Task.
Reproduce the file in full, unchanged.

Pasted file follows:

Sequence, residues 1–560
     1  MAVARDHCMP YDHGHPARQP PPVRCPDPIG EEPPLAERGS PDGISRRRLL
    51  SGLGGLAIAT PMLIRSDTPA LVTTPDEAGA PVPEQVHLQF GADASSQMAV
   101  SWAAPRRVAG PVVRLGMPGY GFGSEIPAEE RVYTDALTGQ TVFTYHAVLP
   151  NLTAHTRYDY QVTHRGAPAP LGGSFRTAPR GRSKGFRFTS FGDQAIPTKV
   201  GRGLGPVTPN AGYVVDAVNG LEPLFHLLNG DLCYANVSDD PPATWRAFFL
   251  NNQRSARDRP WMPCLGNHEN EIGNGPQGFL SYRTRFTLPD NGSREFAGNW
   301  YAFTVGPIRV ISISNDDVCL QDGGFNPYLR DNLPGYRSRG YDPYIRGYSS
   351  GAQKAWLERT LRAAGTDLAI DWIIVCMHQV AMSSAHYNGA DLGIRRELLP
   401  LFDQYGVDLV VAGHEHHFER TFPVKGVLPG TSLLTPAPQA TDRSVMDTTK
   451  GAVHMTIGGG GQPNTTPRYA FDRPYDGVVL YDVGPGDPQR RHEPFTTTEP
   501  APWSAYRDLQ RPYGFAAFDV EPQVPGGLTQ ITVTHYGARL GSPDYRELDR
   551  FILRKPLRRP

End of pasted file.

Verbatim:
Sequence, residues 1–560
     1  MAVARDHCMP YDHGHPARQP PPVRCPDPIG EEPPLAERGS PDGISRRRLL
    51  SGLGGLAIAT PMLIRSDTPA LVTTPDEAGA PVPEQVHLQF GADASSQMAV
   101  SWAAPRRVAG PVVRLGMPGY GFGSEIPAEE RVYTDALTGQ TVFTYHAVLP
   151  NLTAHTRYDY QVTHRGAPAP LGGSFRTAPR GRSKGFRFTS FGDQAIPTKV
   201  GRGLGPVTPN AGYVVDAVNG LEPLFHLLNG DLCYANVSDD PPATWRAFFL
   251  NNQRSARDRP WMPCLGNHEN EIGNGPQGFL SYRTRFTLPD NGSREFAGNW
   301  YAFTVGPIRV ISISNDDVCL QDGGFNPYLR DNLPGYRSRG YDPYIRGYSS
   351  GAQKAWLERT LRAAGTDLAI DWIIVCMHQV AMSSAHYNGA DLGIRRELLP
   401  LFDQYGVDLV VAGHEHHFER TFPVKGVLPG TSLLTPAPQA TDRSVMDTTK
   451  GAVHMTIGGG GQPNTTPRYA FDRPYDGVVL YDVGPGDPQR RHEPFTTTEP
   501  APWSAYRDLQ RPYGFAAFDV EPQVPGGLTQ ITVTHYGARL GSPDYRELDR
   551  FILRKPLRRP